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  • Monica Fauble

Strategies to Cultivate Your Self-Care Garden

Updated: Dec 17, 2022



Raised garden bed full of kale.

Chinese Medicine offers us nature-based advice about how to harmonize with each of the seasons. The advice for sleep in autumn (“go to rest early and rise early”)* shifts a bit in winter (“go to rest early and rise late”)* and so we have a beautiful continuous string of seasonal wisdom.


With global warming, which makes the seasons so unsettled, and with the awareness that each of us are also in our own season of life (sometimes we’re in a fiery hot period or a cold desolate winter) and even in our own cycle of the day (rising in the morning like spring and cycling through to sleep like wintertime), this seasonal advice is fabulous but can also be modified to be thought of more as a layering or stacking atop in which all the seasons might be simultaneously present. (Sorry if this is getting too much like the Matrix, but this is what I’ve been thinking about.)


My garden that I planted in early spring of 2022 (which really is actually more like wintertime energetically and even temperature-wise) still contains kale and parsley and oregano. As a novice gardener who doesn’t quite know what she is doing, this is amazing and unexpected and great! As a bonus, the kale actually sweetened in taste after it got colder. A little bit of adversity brought the sugar to the surface. It’s super delicious and I’ve been throwing a handful into (almost) everything that I make.


What I want to offer you here is a reminder that you can plant seeds continuously across the year in the garden of your own life. As we begin to approach wintertime, the ground might seem frozen but there is so much life beneath the surface. Wintertime is a great time to go inside and settle your energy so that you can spring forth when the frost begins to thaw.


You also have the opportunity to imagine and envision (these are qualities associated with springtime) what you would like to sprout in the future. Maybe it’s an exercise routine or a gratitude practice. Maybe the planning is enough for now or maybe you feel a little springtime invitation to move towards these goals.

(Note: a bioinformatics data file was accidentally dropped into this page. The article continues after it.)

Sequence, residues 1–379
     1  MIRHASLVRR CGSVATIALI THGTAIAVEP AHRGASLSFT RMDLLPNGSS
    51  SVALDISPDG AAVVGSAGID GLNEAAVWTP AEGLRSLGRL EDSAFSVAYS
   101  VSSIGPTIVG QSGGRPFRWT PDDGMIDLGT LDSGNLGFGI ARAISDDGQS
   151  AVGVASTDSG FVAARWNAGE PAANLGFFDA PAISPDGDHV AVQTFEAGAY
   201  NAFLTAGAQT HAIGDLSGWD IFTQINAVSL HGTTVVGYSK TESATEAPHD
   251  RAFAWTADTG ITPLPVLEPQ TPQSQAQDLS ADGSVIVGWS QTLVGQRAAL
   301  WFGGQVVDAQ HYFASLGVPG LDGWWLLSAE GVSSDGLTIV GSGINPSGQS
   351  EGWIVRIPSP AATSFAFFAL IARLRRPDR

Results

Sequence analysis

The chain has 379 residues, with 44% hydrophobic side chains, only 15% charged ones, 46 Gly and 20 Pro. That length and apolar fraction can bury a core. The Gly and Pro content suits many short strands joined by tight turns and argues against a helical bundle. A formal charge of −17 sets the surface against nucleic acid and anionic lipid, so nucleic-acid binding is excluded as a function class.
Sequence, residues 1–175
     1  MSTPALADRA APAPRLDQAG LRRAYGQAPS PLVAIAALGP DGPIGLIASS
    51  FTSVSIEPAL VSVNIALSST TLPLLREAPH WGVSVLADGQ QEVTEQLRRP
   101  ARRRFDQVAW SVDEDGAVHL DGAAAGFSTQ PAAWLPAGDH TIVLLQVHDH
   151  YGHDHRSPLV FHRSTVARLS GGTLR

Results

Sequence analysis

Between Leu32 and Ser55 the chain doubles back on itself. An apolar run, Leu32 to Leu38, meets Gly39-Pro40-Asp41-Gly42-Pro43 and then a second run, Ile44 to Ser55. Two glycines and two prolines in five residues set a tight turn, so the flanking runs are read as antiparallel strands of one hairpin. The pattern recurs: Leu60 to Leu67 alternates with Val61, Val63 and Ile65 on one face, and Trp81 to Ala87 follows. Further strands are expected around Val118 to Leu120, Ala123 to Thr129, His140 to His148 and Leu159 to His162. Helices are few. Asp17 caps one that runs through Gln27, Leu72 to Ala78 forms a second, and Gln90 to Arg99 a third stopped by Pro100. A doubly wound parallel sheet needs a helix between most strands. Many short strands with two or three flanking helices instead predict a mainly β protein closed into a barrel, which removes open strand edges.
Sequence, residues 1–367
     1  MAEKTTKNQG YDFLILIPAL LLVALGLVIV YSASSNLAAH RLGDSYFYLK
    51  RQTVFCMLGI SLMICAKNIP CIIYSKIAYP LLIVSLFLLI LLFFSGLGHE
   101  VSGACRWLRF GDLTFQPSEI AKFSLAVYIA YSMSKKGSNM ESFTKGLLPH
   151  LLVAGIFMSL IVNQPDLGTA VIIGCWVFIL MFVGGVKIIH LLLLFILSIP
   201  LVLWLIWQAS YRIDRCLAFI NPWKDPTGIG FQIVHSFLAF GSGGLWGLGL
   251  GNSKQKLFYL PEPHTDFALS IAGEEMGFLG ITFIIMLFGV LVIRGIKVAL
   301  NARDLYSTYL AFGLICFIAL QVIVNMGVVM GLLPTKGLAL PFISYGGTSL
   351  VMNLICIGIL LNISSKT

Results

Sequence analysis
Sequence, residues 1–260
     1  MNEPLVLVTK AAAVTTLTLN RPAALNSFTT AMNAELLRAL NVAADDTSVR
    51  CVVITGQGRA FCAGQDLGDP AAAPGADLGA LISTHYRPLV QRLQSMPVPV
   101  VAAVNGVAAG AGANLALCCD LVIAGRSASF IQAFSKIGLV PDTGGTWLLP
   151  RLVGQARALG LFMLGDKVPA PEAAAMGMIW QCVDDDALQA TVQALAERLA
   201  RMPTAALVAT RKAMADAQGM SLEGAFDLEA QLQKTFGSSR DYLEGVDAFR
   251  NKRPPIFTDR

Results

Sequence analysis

The invitation here is to reconnect and to imagine what your life would look like if you were feeling integrated and continuous, like those seasons stacked atop each other that I spoke of at the beginning.


And then, from that vision, begin to take a look at some teeny tiny changes (small like kale seeds) that you could begin to plant.


The problem with gardening, especially if you’re new, is that it takes awhile to see change. There’s an element of faith involved as you hunker down and keep watering the soil.


I’m here to remind you not to lose heart. Most of the time, your seeds will sprout. And while crop failures will occur, these are an invitation to start again. And when you do begin again you will have a little more wisdom, enough to adapt and adjust.


If you’re overwhelmed, that’s ok. You don’t have to plant the whole garden bed, or even necessarily water your seeds every single day. You do need to have a little glimpse of what you’re looking for.


And after that you can start to cultivate your soil by cultivating little habits and thoughts and actions that will start to get you closer to where you want to be.


May your kale and everything else that you plant flourish across the many seasons of your life.


*from chapter 2 of Huang Di Nei Jing Su Wen, translated by Paul Unschuld


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